Welcome to the Mennonite Abuse Prevention List
By Barbra Graber
Survivors Network of Those Abused by Priests
April 5, 2016
[Note from BishopAccountability.org: The Mennonite Abuse Prevention List (MAP) has been revised. We have removed the links on this page that pointed to the previous version of the list. For the new version, see:
The MAP List, P.O. Box 1768, Harrisonburg, VA 22803
Contact: Barbra Graber, SNAP Mennonite leader]
The church reforms when sufficient numbers of men and women demand integrity and honesty from themselves and force transparency and accountability from those who aspire to serve and lead. It has always been so. A.W. Richard Sipe
The Mennonite Abuse Prevention List (MAP List) is a resource provided by the Anabaptist Mennonite Chapter of SNAP. As part of the Survivors Network of Those Abused By Priests, we are a group that seeks to serve survivors of abuse who come out of an Anabaptist or Mennonite tradition. We resolve to do all within our power to prevent abuse by church officials, employees or lay workers from within Anabaptist or Mennonite families, communities, agencies or institutions. We are not governed by or affiliated with any church institution or agency.
The life of a child, a teenager or an adult of any gender can be forever altered by an experience of abuse. A child, a teenager, or an adult of any gender can also become a perpetrator of abuse. They can be partnered, married, single or divorced and are often loved and respected members of our communities. Perpetrators can have hundreds of targeted victims in a lifetime. If a sexual assault occurs one time, there is risk of it occurring again.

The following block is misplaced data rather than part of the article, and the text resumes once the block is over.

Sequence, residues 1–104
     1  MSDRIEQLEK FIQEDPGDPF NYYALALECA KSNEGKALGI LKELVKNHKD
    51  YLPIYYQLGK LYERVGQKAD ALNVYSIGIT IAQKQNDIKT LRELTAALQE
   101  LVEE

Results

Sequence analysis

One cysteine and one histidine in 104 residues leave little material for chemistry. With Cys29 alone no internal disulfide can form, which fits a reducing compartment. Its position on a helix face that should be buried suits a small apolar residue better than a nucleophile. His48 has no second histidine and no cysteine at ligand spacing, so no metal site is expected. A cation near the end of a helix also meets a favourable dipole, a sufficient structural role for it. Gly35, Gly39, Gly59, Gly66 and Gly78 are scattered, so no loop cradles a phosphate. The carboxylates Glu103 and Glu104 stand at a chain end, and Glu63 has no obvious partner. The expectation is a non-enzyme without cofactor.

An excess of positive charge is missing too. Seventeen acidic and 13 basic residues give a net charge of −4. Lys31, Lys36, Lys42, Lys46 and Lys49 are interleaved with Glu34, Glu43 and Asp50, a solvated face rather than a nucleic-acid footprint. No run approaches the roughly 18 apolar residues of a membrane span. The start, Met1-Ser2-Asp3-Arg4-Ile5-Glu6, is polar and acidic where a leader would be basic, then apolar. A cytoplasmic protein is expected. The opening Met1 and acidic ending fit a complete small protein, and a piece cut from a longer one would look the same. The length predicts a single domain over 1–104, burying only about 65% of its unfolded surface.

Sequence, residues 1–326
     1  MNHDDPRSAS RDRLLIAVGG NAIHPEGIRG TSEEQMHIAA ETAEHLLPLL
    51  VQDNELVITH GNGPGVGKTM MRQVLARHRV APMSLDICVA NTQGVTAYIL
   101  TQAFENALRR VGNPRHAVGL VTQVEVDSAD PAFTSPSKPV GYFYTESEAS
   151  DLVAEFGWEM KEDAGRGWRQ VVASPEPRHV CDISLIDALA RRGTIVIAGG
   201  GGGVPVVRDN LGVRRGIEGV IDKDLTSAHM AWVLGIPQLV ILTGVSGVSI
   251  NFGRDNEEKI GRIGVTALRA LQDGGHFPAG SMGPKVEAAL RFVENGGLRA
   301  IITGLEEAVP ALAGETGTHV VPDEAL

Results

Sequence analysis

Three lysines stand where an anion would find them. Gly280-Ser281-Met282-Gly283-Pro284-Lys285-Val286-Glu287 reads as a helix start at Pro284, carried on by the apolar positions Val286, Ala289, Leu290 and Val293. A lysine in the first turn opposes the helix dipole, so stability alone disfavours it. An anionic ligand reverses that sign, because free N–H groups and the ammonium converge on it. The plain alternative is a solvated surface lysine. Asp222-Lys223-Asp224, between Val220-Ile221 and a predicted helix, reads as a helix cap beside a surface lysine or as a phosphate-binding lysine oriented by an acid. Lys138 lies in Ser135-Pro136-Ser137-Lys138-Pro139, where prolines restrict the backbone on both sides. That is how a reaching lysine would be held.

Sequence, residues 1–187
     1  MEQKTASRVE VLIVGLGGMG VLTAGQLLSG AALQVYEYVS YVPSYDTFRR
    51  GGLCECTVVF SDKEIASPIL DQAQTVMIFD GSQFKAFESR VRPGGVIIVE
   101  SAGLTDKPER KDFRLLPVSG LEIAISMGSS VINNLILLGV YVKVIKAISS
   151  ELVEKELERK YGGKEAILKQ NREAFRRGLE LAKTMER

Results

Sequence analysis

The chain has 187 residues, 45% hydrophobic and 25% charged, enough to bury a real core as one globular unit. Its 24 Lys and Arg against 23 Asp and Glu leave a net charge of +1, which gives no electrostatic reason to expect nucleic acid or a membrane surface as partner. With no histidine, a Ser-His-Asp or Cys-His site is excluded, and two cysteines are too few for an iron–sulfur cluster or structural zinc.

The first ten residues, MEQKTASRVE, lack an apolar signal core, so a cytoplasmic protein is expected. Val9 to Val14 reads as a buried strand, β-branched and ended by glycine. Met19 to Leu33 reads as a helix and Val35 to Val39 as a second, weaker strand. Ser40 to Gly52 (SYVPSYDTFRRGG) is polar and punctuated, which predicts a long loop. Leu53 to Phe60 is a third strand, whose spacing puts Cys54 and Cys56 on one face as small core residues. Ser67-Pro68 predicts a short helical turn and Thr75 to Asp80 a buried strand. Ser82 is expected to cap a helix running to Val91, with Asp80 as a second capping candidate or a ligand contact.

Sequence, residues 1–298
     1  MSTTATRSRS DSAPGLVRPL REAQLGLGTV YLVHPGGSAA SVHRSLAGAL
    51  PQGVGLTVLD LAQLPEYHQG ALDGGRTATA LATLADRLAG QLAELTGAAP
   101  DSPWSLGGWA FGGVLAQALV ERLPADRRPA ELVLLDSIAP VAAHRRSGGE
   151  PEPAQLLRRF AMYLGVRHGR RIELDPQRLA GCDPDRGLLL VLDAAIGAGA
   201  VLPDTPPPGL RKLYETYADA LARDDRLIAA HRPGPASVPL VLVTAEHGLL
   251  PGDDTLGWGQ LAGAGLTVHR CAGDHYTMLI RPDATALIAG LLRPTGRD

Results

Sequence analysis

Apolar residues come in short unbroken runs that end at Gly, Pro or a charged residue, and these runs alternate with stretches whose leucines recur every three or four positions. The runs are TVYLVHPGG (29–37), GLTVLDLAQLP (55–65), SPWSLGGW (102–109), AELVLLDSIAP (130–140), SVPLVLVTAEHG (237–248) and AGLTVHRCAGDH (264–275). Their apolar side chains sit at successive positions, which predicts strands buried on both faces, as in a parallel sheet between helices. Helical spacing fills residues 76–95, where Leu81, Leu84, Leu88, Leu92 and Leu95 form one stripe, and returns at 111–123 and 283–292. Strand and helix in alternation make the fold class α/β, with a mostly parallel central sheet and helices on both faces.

The Department of Justice defines sexual assault as “any type of sexual contact or behavior that occurs without the explicit consent of the recipient” and it is against the law. Children under the age of 18 are not considered by law to be capable of giving consent. But predators are well aware that children can be groomed during childhood to ensure “consent” for sexual contact as soon as they become of age. Even though these scenarios are not likely to gain a conviction in court, they are deeply damaging, especially when the perpetrator is ordained by the church as a “servant of God.” We believe a sexualized relationship of any kind and at any age with someone who holds authority over one’s spiritual well being and care, regardless of perceived consent, poses a serious risk of long term harm. SNAP Mennonite leader Dr. Cameron Altaras describes the experience in her speech at the 2015 annual SNAP convention in Alexandria, VA (video here).
Unlike an accidental injury to the physical body, sexual abuse causes an emotional and spiritual wounding that becomes extremely difficult to diagnose and treat. It often takes years, decades, even lifetimes, to make the connections and process the insidious impact on one’s life. The damage and pain from the event(s) ripple out beyond the victim and perpetrator to their families, friends, congregations, colleagues, significant others, denominations and whole communities. Those who have taken their own lives are the true victims. Those of us who have lived to call ourselves Survivors feel humbled, grateful, and extremely fortunate. We want to help others heal and prevent further abuse from happening.